A nautical chart is a map of the ocean. As a map helps us navigate land, a nautical chart helps people travel on the sea to get where they are going safely and economically.
In 2017, $1.6 trillion worth of products transferred through U.S. ports. With all of that traffic, it is important that those browsing through our ports and our coastlines have the info that they want about the form of the shore and seafloor, water tanks, potential dangers from the water, buoys, anchorages, and other capabilities.
Federal laws state most commercial boats should have Cmap while vacationing in U.S. waters. NOAA’s Office of Coast Survey creates and upgrades all graphs of U.S. coastal waters, the Great Lakes, and seas surrounding U.S. lands. So how can these essential resources become updated and made? It is a constant process which involves a lot of people from other areas and associations.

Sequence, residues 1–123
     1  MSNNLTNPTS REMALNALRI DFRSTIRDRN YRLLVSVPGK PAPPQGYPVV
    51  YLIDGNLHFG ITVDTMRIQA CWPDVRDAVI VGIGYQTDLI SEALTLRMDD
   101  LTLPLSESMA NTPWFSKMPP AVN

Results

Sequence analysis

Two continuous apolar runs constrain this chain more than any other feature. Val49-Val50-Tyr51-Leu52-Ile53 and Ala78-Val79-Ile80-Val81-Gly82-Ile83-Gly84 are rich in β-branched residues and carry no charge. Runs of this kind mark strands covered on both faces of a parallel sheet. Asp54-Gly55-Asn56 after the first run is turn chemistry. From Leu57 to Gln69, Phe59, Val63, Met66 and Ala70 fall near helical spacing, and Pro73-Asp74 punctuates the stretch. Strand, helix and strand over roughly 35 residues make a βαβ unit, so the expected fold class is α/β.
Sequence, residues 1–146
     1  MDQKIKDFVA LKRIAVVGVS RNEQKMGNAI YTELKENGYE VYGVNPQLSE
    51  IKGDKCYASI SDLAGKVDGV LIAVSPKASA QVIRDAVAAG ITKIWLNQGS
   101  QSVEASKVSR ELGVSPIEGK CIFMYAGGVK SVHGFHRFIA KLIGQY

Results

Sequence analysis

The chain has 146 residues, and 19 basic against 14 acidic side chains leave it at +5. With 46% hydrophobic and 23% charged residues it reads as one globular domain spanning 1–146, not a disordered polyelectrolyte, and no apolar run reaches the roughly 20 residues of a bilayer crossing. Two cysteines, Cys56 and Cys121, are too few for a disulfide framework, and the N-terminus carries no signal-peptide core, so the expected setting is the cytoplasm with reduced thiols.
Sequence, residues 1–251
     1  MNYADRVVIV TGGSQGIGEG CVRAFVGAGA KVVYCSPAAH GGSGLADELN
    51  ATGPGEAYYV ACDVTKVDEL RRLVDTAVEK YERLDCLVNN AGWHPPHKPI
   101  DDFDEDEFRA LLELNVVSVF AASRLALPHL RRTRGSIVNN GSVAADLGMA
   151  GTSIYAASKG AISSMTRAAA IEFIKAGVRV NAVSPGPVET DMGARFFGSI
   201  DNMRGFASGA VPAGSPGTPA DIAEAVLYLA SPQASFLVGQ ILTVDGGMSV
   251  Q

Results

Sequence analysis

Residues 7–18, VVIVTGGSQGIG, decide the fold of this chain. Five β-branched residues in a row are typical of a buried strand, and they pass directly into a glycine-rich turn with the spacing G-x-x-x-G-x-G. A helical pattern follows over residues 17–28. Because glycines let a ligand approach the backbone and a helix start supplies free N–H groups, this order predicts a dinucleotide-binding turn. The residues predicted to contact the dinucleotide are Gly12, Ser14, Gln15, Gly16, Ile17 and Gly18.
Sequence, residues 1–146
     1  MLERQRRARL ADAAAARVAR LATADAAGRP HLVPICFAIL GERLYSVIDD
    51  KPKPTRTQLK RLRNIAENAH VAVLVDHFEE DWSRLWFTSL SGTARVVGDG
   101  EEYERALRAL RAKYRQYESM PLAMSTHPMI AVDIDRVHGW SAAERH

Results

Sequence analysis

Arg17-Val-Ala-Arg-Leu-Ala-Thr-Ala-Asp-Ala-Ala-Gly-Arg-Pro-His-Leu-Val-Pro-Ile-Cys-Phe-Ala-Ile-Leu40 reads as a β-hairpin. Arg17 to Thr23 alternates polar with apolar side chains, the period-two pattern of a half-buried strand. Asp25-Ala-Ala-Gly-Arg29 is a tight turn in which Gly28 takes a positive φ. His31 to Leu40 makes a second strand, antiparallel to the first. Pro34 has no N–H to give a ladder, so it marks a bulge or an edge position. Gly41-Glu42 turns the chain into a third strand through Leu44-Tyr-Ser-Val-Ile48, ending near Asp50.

Data, Data, Data
Everything begins with collecting the information. Historically, graph manufacturers measured water tanks using easy procedures, like linking a direct weight to some line. Now, NOAA uses innovative technologies to examine bodies of water and also find dangerous dangers to navigation, like shoals or shipwrecks.
This information is accumulated by hydrographers — individuals who research the bodily qualities of bodies of water — in the Office of Coast Survey, oceanographers in NOAA’s Center for Operational Oceanographic Products and Services, professionals in other government agencies and global organizations, as well as private citizens.
During sonar, LIDAR, and aerial photography, … READ MORE ...